Could You Have PCOS?

kali's picture

September is PCOS awareness month, and in the spirit of sharing more about the condition and how we help our patients manage it, I wanted to dive deeper into some of the lesser known symptoms. Could you have PCOS?

 

Whether or not you’re trying to conceive, knowing if you have the most common reproductive hormone condition in reproductive aged women is important. Not only does PCOS impact your ability to fall pregnant and carry to term a healthy baby without complications, it also comes with increased risks of cardiovascular and metabolic health concerns that can continue to impact your health into menopause.

 

And while there are a set of criteria (called the Rotterdam criteria) that need to be present for you to be diagnosed with PCOS, there are many other common symptoms of the condition that, when present, warrant investigation to rule it in and treat it, or rule it out and keep digging.

 

First, the Rotterdam criteria.

 

When your physician wants to determine if you fit the diagnosed of PCOS, they’ll look for the following three criteria. Only 2 of the 3 need to be present for the diagnosis. They are:

  1. Irregular ovulatory pattern: you may not ovulate every month, often resulting in irregular cycles (they don’t come at the same time every month) that tend to be 35 days or longer (many women with PCOS will have a handful of menses a year, some will have no menses for months or years on end)

  2. Signs of androgen excess: either a blood test confirms you have high androgens (like testosterone and androstenedione) or you have symptoms of androgen excess like acne, ‘male pattern’ baldness, or hirsutism (unwanted thick hair growth on your chin, chest, or neck)

  3. Polycystic ovaries visible on ultrasound

 

Keep in mind only 2 of 3 of these need to be present for a diagnosis. But how does your Acubalance doctor know whether to work you up for PCOS if you don’t have the overt signs of long cycles and excess androgens? We’ll ask about other common, non-diagnostic, signs.

 

Many women who I treat present with some of the following symptoms, but have never been evaluated for PCOS.

 

If you have some of these symptoms, ask your MD to work you up for PCOS. If you know that you have it, you can implement strategies now that will not only support your current or future fertility, but mitigate the long term associated risks.

 

Some common, non-diagnostic, symptoms of PCOS include:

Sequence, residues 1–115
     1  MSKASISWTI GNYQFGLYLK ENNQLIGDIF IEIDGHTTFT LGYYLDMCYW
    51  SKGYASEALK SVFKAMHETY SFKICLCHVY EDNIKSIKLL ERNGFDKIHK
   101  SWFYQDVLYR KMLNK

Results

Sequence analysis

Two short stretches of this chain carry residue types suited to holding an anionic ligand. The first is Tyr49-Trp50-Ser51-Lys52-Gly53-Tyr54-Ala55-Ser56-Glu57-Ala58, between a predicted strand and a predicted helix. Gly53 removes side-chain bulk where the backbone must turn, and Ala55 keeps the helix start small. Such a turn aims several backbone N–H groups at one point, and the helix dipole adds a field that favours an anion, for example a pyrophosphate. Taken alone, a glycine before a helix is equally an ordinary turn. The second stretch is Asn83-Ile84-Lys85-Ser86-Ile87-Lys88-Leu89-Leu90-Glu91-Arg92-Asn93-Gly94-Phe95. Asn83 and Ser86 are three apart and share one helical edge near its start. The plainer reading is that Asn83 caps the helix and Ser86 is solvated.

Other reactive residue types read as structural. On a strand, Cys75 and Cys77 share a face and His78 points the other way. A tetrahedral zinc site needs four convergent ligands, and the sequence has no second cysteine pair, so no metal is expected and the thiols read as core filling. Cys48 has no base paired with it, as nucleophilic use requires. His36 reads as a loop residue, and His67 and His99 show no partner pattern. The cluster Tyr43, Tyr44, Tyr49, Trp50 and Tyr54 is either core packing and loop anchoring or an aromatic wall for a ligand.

-high AMH levels (often tested if you’re TTC)

-an LH:FSH ratio higher than 2:1 (tested on cycle day 3)

-blood sugar swings reminiscent of insulin resistance (feeling hangry between meals, hard to keep yourself feeling satiated)

-weight gain (although between 20-50% off women with PCOS are normal weight)

-hair loss or thinning from the top of your head or recession of the hairline

-oily skin and/or acne

-excessive hair on the chin/neck/chest (or a history of it! Have you had laser hair removal in these areas?)

-patches of thickened, darkened skin in the folds of your neck, underarms, breasts or thighs (often referred to as ‘velvety’)

-skin tags

-depression, anxiety or mood swings

-headaches in response to hormonal changes

-sleep apnea (which may feel like you have trouble falling asleep or never feel rested after a good night of sleep)

-increased blood pressure

-infertility

 

If some of these symptoms are ringing bells, you should ask your primary care MD or ND to evaluate you for PCOS. A holistic treatment plan including diet and lifestyle adjustment, acupuncture, low level laser therapy (LLLT), nutritional supplements, and herbal medicine is the best approach to management. If your doctor offers you the birth control pill to treat your PCOS then it is a band-aid approach and it is only delaying the inevitable and prolonging the risk factors above. You may want to find a another doctor to help you manage your reproductive and metabolic health.

 

Learn more about PCOS by reading our other blog articles on the topic, and watching this video series here on PCOS!

 

 

Do you think you might have PCOS? Contact us at 604-678-8600 to discuss how we can help you get the diagnosis and treatment you need.

 

In health,

 

Dr K